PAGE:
Member Since: March 13, 2008

Country: United States

  • Cool hack! But, to be clear, you are NOT powering this from the 120V AC wall socket. Maybe I missed it in your write-up, but you must be using a 5V wall wart or USB power supply or something?

  • This is so boss. Really cool.

  • Yeah, I love Matlab, too...when someone else pays for it. In my case, I have it at work. But at home, I don't want to spend $2125 for a license (plus extra for individual toolboxes like the Signal Processing toolbox). Sure, if you're a student, you can get it for $49-$99, but I don't meet any of their requirements:

    "Student software is for use by students on student-owned hardware to meet course requirements and perform academic research at degree-granting institutions only. It is not available for government, commercial, or other organizational use."

    So, for my home/hobby hacks, I can't use Matlab. I have to use Python+NumPy+SciPy+Matplotlib. This python-based stack isn't nearly as nice as Matlab, but it gets the job done.

  • Thanks for the reply. Swapping around the point of view is helpful. You're starting with the interference signal and with the mixture. Using this adaptive filter, you can remove the interference from the mixture to reveal the desired signal. Much better. Totally got it. Thanks!

  • Oh, and because I forgot to mention it, I'm a big fan of anyone who writes about signal processing. Thanks for taking on this topic!

  • I think that I missed something important at the beginning. It appears that we're using an adaptive filter to make y(n) the most like d(n). But, if you already have the signal that you want (ie, d(n)), what is the point of this filtering approach? If you want d(n), you already have d(n). Weren't you done before you even started?

    Clearly, I'm missing something fundamental. Can anyone clear up my misunderstanding?

  • Great, great post. Love the history, love the now, love the future.

  • Note that these long 500mm soft pots have a resistance of ~20 kOhm, not 10 kOhm as stated in the product description. It's the shorter soft pots that have the 10 kOhm resistance.

    And for the record, my 500 mm soft pot has a resistance of about 17.5 kOhm.

  • Love the box wall!

  • Experienced Arduino (and Teensy) user here. New to the Photon, though. I got a Photon free from Sparkfun (thanks guys!) as part of a competition. Sadly I had a pretty bad first-day user experience. IMO, new users on Windows should beware...

    When I arrived, I unboxed it. Very very attractive packaging. The packaging pointed me to, so I went there as instructed. After pointing out its physical features, it wanted me to connect to it via my iOS or Android device. It also offered for me to "Connect over USB" instead, so that's what I selected. I'm a Windows 7 user, so I followed the specific instructions for Windows.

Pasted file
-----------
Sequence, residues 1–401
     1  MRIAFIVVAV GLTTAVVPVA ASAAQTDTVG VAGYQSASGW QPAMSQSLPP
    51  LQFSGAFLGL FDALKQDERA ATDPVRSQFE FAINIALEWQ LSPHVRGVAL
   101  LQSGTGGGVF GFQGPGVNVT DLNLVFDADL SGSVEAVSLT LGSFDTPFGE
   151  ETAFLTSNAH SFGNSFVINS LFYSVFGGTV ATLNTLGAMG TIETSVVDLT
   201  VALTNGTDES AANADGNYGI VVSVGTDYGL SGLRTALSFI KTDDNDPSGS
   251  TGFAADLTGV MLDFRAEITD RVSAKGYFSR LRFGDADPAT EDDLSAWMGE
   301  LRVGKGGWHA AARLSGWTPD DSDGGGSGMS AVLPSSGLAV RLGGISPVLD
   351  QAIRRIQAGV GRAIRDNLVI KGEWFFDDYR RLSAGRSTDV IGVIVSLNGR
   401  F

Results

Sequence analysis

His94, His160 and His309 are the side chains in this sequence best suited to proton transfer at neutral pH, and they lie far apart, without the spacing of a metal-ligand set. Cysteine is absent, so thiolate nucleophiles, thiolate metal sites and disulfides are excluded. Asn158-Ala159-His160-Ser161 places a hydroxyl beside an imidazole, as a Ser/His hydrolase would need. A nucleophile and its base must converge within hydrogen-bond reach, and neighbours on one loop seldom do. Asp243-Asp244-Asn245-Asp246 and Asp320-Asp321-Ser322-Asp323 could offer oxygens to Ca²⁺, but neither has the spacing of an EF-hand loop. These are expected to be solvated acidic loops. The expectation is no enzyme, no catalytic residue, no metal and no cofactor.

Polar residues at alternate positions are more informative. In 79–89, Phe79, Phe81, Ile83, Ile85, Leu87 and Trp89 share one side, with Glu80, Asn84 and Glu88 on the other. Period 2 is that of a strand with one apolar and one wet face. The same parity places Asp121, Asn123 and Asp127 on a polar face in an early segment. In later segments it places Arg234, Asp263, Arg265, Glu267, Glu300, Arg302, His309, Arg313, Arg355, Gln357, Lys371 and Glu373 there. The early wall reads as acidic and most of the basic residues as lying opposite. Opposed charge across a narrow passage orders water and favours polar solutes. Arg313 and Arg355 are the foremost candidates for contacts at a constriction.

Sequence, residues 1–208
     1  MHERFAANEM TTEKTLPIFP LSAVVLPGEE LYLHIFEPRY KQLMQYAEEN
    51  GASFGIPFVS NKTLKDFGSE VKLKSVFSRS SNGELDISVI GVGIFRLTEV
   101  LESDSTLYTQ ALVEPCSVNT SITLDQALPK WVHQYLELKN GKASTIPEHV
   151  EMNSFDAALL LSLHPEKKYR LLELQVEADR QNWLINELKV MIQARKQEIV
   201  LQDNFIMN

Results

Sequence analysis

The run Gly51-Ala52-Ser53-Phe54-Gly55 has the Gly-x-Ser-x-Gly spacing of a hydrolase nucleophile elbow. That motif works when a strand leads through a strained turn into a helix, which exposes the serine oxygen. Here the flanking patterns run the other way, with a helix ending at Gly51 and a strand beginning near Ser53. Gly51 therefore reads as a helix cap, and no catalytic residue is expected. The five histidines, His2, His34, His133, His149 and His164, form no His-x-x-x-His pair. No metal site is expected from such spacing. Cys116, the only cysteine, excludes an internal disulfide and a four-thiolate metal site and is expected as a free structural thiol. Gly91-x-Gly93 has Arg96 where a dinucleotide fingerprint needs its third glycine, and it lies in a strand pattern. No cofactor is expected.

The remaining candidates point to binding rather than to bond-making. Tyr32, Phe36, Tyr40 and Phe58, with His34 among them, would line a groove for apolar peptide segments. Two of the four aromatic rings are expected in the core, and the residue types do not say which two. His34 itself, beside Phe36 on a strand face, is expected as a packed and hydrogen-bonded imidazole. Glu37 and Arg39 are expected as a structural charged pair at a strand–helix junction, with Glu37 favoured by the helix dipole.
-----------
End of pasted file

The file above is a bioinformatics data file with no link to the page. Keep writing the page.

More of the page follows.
First, I grabbed the latest node.js installation, as instructed. Later I learned that Photon might not be compatible with Node 4.0 (though I don't think that this was my issue, yet), so I uninstalled 4.0 and re-installed an older version. Annoying, but easy enough. I restarted my computer, as instructed. Also annoying, but easy.

    The instructions then say to download the latest Photon driver. I did so. I plugged in the Photon, as instructed. It showed up as a Teensy. Unexpected, but OK. I did "Update Driver", as instructed by the Photon instructions and pointed Windows to the new Photon drivers. It seemed to work fine. It might make my Teensy experience annoying later, but let's not worry about that now.

    Continuing with the instructions, I opened a command prompt. I issued "npm install -g particle-cli" to install the photon's command line interface. It bombed out. :(

    The problem appeared to be with serialport@1.7.4. The error messages say that it couldn't find VCBuild.exe. There was no mention of this possibility in the getting started docs.

    To solve the issue, the command line error suggested that I either install .NET Framework 2.0 SDK (hello 2006) or to install Microsoft Visual Studio 2005 (um, hello 2005). I foolishly tried to install .NET Framework 2.0 (not the SDK), but Windows wouldn't allow it. I then realized my error and went to install the SDK. I saw that the SDK was 354MB and figured that something wasn't right with this whole installation process.

    I then pawed through their website a bit to find some help. It's beautiful and heavy on the self promotion, but not a lot of info on the setup troubleshooting. Finally, I ended up on their github for the command line interface, where it said this:

    "Version 1.4.0 of Spark CLI includes Photon setup support for OS X only at the moment. Windows and Linux support are imminent."

    Yeah. Thanks. There was no mention of this is the "Windows" section of "Getting Started". Might have been a relevant thing to say? I think so. My vote is that Photon is not ready for prime time. Sorry, guys.

No public wish lists :(